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Structural engineers were one of the first construction industry professionals to make use of the computer. It was in the late 1950s they first attempted equation solution. It took until the early ‘60s to build up demand to a level that prompted purchase of inhouse facilities. At first there were terminals to bureaus. Then, small stand-alone computers with paper tape input and output. The output tape was fed through a teletype to produce a hard copy. Minicomputers came into existence in the late ’60s. These machines were capable of expansion to accommodate extra ports for the connection of dumb terminals. After the large engineering timesharing computers came the era of the engineering Workstation - self-contained, powerful systems with good graphics capabilities. D.H. Taffs
Wednesday 4 May 1994 is the 60th anniversary of the granting of the Royal Charter. On the day, the anniversary is being commemorated by holding a l-day seminar on the history and development of structural design at The Brewery, Chiswell Street, London EC1Y 4SD. Nine Institution Gold Medallists are participating in the seminar, and summaries of their papers are given below. The proceedings of the seminar are scheduled for publication in book form in December 1994.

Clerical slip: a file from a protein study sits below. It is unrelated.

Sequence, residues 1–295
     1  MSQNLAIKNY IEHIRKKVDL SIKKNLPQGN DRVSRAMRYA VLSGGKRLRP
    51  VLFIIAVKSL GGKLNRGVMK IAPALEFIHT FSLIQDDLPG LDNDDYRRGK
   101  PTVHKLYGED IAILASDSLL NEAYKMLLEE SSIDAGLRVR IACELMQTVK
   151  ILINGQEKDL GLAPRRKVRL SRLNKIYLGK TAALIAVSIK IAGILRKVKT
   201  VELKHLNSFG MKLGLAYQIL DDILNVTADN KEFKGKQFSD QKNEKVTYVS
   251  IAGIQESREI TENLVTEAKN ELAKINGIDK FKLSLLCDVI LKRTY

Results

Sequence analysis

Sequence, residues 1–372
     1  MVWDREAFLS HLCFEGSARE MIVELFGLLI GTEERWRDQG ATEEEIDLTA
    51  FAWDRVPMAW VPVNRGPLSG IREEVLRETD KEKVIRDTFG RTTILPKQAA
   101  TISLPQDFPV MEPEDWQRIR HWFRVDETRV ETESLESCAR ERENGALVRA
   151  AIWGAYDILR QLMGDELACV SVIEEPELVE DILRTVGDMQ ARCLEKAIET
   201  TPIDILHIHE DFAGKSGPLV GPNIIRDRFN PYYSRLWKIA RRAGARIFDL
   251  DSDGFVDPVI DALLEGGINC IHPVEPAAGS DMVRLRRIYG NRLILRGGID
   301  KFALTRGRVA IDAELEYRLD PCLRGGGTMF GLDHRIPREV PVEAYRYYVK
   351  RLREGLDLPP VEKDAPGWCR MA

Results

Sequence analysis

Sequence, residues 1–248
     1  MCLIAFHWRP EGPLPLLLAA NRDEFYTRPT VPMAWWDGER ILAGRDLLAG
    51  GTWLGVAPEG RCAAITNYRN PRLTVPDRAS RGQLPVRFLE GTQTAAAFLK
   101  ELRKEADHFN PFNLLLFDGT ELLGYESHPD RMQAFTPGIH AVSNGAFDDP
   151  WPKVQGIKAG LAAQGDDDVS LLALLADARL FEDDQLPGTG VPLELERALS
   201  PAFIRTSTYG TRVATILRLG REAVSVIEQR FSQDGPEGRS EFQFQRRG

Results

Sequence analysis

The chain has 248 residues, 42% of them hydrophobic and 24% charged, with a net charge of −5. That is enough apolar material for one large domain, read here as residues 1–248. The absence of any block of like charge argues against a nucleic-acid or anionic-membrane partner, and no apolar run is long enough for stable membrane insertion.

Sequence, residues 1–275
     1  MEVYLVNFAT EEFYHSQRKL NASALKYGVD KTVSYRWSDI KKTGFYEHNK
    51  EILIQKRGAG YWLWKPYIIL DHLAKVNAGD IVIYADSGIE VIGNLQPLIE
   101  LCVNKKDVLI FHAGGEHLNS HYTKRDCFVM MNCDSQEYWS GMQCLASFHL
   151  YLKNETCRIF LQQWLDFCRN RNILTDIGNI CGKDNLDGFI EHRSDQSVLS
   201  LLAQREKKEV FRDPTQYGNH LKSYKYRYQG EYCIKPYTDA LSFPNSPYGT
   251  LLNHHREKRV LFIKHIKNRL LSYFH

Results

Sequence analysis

In 1926, when the Institution first applied for a Royal Charter, there were criticisms of the conditions and requirements for membership. As a result, from 1933, all candidates were required to take a paper in drawing and design (even if exempted from theoretical papers by possessing an engineering degree or equivalent). In the following year the Institution received its Royal Charter and since that time has maintained its requirement that all candidates for corporate membership must demonstrate their competence in structural design in the Part 3 examination. Professor A.R. Cusens and Professor A.W. Beeby